Deploy PostgreSQL + MariaDB Instances Using the ACK RDS Controller

Create and use PostgreSQL or MariaDB instances in Amazon RDS using Amazon Elastic Kubernetes Service (EKS).

The ACK service controller for Amazon Relational Database Service (RDS) lets you manage RDS database instances directly from Kubernetes. This includes the following database engines:

This guide will show you how to create and connect to several types of database engines available in Amazon RDS through Kubernetes.

Setup

Although it is not necessary to use Amazon Elastic Kubernetes Service (Amazon EKS) with ACK, this guide assumes that you have access to an Amazon EKS cluster. If this is your first time creating an Amazon EKS cluster, see Amazon EKS Setup. For automated cluster creation using eksctl, see Getting started with Amazon EKS - eksctl and create your cluster with Amazon EC2 Linux managed nodes.

Prerequisites

This guide assumes that you have:

  • Created an EKS cluster with Kubernetes version 1.16 or higher.
  • AWS IAM permissions to create roles and attach policies to roles.
  • Installed the following tools on the client machine used to access your Kubernetes cluster:
    • AWS CLI - A command line tool for interacting with AWS services.
    • kubectl - A command line tool for working with Kubernetes clusters.
    • eksctl - A command line tool for working with EKS clusters.
    • Helm 3.7+ - A tool for installing and managing Kubernetes applications.

Install the ACK service controller for RDS

You can deploy the ACK service controller for Amazon RDS using the rds-chart Helm chart.

Log into the Helm registry that stores the ACK charts:

aws ecr-public get-login-password --region us-east-1 | helm registry login --username AWS --password-stdin public.ecr.aws

You can now use the Helm chart to deploy the ACK service controller for Amazon RDS to your EKS cluster. At a minimum, you need to specify the AWS Region to execute the RDS API calls.

For example, to specify that the RDS API calls go to the us-east-1 region, you can deploy the service controller with the following command:

helm install --create-namespace -n ack-system oci://public.ecr.aws/aws-controllers-k8s/rds-chart --version=v0.0.27 --generate-name --set=aws.region=us-east-1

For a full list of available values to the Helm chart, please review the values.yaml file.

Configure IAM permissions

Once the service controller is deployed, you will need to configure the IAM permissions for the controller to query the RDS API. For full details, please review the AWS Controllers for Kubernetes documentation for how to configure the IAM permissions. If you follow the examples in the documentation, use the value of rds for SERVICE.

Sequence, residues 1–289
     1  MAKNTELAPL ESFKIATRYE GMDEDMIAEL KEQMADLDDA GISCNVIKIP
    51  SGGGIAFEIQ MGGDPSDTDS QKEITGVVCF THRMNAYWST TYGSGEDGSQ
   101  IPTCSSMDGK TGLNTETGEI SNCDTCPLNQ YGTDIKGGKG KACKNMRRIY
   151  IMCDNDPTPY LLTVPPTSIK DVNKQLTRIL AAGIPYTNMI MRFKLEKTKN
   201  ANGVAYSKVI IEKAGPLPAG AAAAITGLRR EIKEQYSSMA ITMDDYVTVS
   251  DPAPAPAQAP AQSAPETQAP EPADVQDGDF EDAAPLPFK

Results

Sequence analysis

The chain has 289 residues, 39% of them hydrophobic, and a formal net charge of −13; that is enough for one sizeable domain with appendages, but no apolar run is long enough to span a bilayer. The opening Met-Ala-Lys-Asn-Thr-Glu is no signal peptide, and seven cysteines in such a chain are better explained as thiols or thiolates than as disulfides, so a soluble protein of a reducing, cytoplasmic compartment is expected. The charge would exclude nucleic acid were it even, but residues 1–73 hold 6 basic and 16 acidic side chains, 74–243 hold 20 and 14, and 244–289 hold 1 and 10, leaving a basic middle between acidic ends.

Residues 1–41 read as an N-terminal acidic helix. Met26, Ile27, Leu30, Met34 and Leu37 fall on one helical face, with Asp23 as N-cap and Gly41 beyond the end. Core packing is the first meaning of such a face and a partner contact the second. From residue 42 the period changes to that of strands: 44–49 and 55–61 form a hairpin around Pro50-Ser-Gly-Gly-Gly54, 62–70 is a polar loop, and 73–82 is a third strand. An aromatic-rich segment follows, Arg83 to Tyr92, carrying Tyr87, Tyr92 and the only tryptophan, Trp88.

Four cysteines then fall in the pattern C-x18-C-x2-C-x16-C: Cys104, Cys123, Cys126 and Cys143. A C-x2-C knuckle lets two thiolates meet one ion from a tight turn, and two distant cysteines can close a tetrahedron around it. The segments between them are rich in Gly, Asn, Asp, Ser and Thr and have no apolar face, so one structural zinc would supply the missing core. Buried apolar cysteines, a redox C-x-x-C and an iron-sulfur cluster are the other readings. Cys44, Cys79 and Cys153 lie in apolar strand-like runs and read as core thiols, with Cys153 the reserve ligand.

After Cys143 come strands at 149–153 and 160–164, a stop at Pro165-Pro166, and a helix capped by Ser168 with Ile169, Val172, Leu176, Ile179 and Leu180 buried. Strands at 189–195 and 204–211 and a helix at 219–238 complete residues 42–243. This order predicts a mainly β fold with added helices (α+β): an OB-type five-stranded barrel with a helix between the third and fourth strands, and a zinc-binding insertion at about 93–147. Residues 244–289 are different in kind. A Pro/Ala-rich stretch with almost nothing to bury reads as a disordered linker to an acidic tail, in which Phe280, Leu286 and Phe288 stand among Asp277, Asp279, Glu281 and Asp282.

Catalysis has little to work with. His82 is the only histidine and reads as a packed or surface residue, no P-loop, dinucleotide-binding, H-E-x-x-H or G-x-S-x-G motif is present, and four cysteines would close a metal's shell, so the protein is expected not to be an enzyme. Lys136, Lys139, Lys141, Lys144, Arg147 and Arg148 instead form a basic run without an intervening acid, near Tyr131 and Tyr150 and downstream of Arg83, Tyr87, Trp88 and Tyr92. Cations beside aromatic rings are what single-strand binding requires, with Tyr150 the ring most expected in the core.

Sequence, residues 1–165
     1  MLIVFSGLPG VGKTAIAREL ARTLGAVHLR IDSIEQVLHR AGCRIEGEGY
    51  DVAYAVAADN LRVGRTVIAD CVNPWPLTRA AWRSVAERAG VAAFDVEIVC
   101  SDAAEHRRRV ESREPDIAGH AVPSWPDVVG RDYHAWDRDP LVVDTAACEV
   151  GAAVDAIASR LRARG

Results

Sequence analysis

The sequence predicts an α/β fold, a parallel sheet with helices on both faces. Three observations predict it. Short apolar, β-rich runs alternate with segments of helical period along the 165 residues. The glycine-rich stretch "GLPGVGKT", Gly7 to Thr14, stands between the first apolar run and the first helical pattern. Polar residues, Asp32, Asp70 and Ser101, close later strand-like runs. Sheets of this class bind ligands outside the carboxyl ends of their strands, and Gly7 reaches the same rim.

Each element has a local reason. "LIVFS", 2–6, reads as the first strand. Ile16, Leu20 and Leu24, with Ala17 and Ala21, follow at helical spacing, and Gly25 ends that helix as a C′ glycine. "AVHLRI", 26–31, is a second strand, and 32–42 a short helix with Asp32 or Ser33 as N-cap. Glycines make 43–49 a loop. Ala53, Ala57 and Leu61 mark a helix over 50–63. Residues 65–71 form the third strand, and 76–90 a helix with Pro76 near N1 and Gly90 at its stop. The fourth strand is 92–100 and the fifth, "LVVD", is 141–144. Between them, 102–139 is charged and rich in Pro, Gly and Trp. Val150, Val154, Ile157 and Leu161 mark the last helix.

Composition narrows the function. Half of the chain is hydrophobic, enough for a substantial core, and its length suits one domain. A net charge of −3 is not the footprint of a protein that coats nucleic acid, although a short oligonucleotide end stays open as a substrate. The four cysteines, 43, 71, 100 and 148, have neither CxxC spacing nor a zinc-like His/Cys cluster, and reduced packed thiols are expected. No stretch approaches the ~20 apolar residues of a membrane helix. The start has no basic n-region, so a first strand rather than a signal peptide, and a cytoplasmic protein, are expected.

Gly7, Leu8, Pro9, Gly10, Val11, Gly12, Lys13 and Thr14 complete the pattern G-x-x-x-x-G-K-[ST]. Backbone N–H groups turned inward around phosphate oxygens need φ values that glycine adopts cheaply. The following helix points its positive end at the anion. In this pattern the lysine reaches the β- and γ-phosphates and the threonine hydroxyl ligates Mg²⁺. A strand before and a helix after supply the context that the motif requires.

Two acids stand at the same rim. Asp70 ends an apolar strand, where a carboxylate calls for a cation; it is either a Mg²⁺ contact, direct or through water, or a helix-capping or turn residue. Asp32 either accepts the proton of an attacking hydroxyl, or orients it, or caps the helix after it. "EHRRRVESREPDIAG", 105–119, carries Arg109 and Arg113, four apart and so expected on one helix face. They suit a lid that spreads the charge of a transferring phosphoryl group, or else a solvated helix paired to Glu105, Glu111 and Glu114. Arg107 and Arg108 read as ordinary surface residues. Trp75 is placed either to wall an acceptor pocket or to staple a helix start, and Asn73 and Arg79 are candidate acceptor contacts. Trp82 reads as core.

Deploy Database Instances

You can deploy most RDS database instances using the DBInstance custom resource. The examples below show how to deploy using different database engines in RDS from your Kubernetes environment. For a full list of options available in the DBInstance custom resource definition, you can use kubectl explain dbinstance.

The examples below use the db.t4g.micro instance type. Please review the RDS instance types to select the most appropriate one for your workload.

PostgreSQL

To create a AWS RDS for PostgreSQL instance, you must first set up a master password. You can do this by creating a Kubernetes Secret, e.g.:

RDS_INSTANCE_NAME="<your instance name>"

kubectl create secret generic "${RDS_INSTANCE_NAME}-password" \
  --from-literal=password="<your password>"

Next, create a DBInstance custom resource. The example below shows how to provision a RDS for PostgreSQL 14 instance with the credentials created in the previous step:

cat <<EOF > rds-postgresql.yaml
apiVersion: rds.services.k8s.aws/v1alpha1
kind: DBInstance
metadata:
  name: "${RDS_INSTANCE_NAME}"
spec:
  allocatedStorage: 20
  dbInstanceClass: db.t4g.micro
  dbInstanceIdentifier: "${RDS_INSTANCE_NAME}"
  engine: postgres
  engineVersion: "14"
  masterUsername: "postgres"
  masterUserPassword:
    namespace: default
    name: "${RDS_INSTANCE_NAME}-password"
    key: password
EOF

kubectl apply -f rds-postgresql.yaml

You can track the status of the provisioned database using kubectl describe on the DBInstance custom resource:

kubectl describe dbinstance "${RDS_INSTANCE_NAME}"

When the DB Instance Status says Available, you can connect to the database instance.

MariaDB

To create a AWS RDS for MariaDB instance, you must first set up a master password. You can do this by creating a Kubernetes Secret, e.g.:

RDS_INSTANCE_NAME="<your instance name>"